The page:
Dogs Trust

Puppy price hikes during lockdown

With millions of people working from home, demand for puppies has soared during lockdown. Google searches for ‘buy a puppy’ have increased by 166% since lockdown was announced on 23 March. And sadly, unscrupulous sellers have exploited that demand, with prices for some of the most sought-after dog breeds reaching record levels. 

The five breeds most often smuggled into the country are Dachshunds, English Bulldogs, French Bulldogs, Pugs and Chow Chows. The asking prices for these breeds shot up between March, when lockdown was announced, and the end of June, when lockdown started easing. 

Our Puppy Pilot scheme rescues smuggled pups at the UK border. It's continued to be busy throughout lockdown, despite restrictions on movement being in place. Between the beginning of lockdown and the end of June, we rescued 43 puppies illegally imported into the country from Central and Eastern Europe. These dogs were destined to be advertised online for extortionate prices, to line the pockets of cruel puppy smugglers.

Unsuspecting buyers can be left heartbroken when online adverts turn out to be scams, or their pup becomes unwell or worse. Make sure you know the signs of a dodgy advert to avoid being dogfished.

Average puppy price increases from March to June

Dachshund puppy prices Chow Chow puppy prices Pug puppy prices Frenchies puppy prices English bulldog puppy prices

About puppy smuggling

In 2012 the Pet Travel Scheme (PETS) rules were changed, resulting in the relaxation of the UK’s pet passport rules.

Now puppies as young as 15 weeks can travel to the UK, whereas previously the minimum age was ten months.

Unfortunately, these changes have resulted in a sharp increase in the numbers of puppies entering Great Britain for sale – these poor dogs are often forced to travel thousands of miles in cramped, squalid conditions.

We want the Government to fulfil its manifesto promise to fight this cruel trade. We want to see:

  • A requirement for a rabies blood test before entry into the UK, together with a wait period which is in line with the incubation period of rabies.
  • Introducing visual checks at ports conducted by somebody with animal welfare experience.
  • Introducing stronger penalties for puppy smugglers caught illegally importing dogs into the country.

Our investigations

Map of puppy smuggling trade Map of puppy smuggling trade

These are the countries we investigated. Other countries are also suspected of puppy smuggling.

For over five years, we have investigated the puppy smuggling trade and seen how the industry has developed and grown, flaunting the rules of the Pet Travel Scheme.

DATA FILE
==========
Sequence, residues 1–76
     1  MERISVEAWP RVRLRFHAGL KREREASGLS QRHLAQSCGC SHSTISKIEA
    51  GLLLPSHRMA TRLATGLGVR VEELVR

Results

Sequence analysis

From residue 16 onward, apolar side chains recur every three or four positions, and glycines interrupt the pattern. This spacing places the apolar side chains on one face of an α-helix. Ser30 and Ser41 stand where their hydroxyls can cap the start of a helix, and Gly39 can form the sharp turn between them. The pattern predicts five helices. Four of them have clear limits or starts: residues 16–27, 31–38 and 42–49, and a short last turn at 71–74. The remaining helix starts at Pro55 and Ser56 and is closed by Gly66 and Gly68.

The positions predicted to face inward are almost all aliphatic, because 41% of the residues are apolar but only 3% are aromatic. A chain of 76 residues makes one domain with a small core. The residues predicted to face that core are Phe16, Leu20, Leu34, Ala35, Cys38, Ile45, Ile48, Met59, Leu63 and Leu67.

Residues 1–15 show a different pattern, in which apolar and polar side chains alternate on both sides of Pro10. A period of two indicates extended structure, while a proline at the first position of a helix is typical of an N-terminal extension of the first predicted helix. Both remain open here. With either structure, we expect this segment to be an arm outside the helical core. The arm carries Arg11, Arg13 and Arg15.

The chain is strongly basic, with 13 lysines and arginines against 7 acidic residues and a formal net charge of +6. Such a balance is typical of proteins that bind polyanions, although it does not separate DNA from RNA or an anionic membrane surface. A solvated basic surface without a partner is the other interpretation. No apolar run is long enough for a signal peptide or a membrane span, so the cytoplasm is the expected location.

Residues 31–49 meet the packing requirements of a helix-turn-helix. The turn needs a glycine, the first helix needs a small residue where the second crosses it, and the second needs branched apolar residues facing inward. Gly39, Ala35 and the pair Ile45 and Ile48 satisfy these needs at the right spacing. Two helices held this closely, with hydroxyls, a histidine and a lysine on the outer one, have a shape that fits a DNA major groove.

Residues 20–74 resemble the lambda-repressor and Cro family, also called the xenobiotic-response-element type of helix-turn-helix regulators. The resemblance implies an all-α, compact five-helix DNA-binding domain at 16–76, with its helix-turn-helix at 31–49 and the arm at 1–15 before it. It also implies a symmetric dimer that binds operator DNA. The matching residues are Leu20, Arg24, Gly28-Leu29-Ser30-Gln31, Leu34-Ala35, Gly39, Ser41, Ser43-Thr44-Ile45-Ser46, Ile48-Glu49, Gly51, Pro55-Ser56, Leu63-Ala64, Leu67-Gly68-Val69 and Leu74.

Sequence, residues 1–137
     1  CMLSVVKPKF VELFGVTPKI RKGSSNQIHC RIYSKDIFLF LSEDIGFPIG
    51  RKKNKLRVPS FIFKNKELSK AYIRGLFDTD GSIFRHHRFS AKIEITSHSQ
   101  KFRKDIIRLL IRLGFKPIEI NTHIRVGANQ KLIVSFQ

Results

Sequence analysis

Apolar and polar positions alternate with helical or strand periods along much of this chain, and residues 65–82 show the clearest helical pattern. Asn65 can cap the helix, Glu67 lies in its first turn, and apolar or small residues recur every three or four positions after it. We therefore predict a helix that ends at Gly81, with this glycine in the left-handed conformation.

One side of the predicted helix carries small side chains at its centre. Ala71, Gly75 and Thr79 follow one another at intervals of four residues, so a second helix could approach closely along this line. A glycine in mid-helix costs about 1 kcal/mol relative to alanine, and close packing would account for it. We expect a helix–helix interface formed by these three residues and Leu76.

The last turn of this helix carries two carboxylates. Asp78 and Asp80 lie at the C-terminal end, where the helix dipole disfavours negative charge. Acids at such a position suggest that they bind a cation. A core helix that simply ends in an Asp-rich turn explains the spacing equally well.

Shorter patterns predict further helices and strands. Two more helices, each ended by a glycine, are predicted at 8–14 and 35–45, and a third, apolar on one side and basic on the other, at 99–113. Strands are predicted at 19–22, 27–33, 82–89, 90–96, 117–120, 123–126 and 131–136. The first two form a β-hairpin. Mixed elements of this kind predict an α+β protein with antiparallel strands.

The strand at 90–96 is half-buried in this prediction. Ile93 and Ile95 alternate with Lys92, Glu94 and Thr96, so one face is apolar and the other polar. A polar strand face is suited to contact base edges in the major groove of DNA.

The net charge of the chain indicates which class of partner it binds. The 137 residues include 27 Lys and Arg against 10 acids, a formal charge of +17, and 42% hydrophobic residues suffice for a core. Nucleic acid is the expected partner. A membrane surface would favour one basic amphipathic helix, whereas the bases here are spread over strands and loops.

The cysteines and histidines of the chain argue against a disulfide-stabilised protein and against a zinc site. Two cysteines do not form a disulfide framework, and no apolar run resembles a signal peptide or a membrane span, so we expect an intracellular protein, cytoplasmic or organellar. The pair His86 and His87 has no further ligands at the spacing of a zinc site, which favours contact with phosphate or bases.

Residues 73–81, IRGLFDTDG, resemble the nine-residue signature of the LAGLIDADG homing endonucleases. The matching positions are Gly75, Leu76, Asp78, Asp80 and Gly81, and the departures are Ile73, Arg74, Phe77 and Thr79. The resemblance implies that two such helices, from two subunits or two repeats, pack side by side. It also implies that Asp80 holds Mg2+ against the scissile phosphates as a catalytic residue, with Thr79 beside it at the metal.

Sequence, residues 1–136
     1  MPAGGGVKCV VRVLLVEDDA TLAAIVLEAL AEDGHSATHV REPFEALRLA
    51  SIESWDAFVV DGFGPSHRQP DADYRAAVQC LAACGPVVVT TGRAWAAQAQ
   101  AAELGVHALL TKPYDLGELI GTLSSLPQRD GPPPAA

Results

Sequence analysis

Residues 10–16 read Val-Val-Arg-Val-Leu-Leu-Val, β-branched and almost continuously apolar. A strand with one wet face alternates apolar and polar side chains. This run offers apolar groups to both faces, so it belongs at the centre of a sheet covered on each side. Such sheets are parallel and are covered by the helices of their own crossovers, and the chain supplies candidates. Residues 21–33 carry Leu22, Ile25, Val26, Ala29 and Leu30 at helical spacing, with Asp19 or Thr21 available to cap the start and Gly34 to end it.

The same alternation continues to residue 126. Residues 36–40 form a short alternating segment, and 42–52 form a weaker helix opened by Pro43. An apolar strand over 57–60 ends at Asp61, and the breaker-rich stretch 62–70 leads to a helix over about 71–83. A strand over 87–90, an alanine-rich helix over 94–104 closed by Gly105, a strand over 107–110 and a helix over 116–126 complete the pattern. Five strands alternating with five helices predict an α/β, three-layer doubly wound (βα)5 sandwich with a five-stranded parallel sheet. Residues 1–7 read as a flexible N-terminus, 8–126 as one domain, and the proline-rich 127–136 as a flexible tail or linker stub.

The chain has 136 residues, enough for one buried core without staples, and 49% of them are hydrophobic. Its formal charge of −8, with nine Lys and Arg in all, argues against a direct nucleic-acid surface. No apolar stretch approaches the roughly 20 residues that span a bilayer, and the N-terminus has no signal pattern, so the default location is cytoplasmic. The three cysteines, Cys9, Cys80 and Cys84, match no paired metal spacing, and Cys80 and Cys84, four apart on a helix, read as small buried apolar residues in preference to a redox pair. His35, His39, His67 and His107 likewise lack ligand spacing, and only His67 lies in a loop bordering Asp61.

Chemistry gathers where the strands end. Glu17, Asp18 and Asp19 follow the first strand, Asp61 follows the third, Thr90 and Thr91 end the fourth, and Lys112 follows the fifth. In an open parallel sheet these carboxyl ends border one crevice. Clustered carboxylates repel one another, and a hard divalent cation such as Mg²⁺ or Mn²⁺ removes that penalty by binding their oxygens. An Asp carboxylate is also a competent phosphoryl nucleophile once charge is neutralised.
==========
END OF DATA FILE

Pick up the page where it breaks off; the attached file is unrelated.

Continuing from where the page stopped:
Our initial undercover investigation revealed the high level of corruption at the heart of the puppy smuggling trade and the very worrying welfare risks being imposed on dogs.

Since then, our puppy smuggling investigations have been ongoing, focusing on puppies travelling into Great Britain under the Pet Travel Scheme. Our investigations found dealers and vets in source countries willing to falsify documents stating that puppies were older than they actually were. These puppies often then end up getting sold on to unsuspecting buyers in this country.

Our 2018 report highlighted a growing trend of heavily pregnant female dogs being brought into the country with little care and consideration for them and their unborn puppies’ health. A lack of visual checks at the borders and insufficient penalties for illegally importing mean there is no real deterrent for puppy smugglers.

Fake mum

Fake mum

In one seizure, ten French Bulldog puppies aged approximately three to four weeks of age were discovered heavily sedated in a car travelling from Poland. The pups were found hidden in the hollow of the back seat under a pile of blankets and under one of the front seats.

The adult female French Bulldog (which had a pet passport) travelling with them was thought to be their mum, but the assessing vet doubted this as she had no milk. The suspicion was that she was being brought across to act as a fake mum since buyers increasingly ask to see the pups with their mum (as we would advise).

Puppy smuggling facts

fact 1

In our undercover investigations, puppies being transported over long distances were given water only twice in 30 hours and had no food or toilet breaks.

fact 2

Smuggled puppies can suffer life-threatening health conditions or life-long behavioural challenges and, sadly, some have very short lives.

fact 3

We have repeatedly shown that the Pet Travel Scheme (PETS) is being used as a cover to import underage puppies from Central and Eastern Europe for commercial reasons. It is illegal to import dogs to Great Britain via PETS with the intention of selling them.

Dogfish alert!

If you suspect a seller is acting suspiciously, or if you think your puppy may have been illegally imported, please report them to Trading Standards.

Report now

Don't be dogfished

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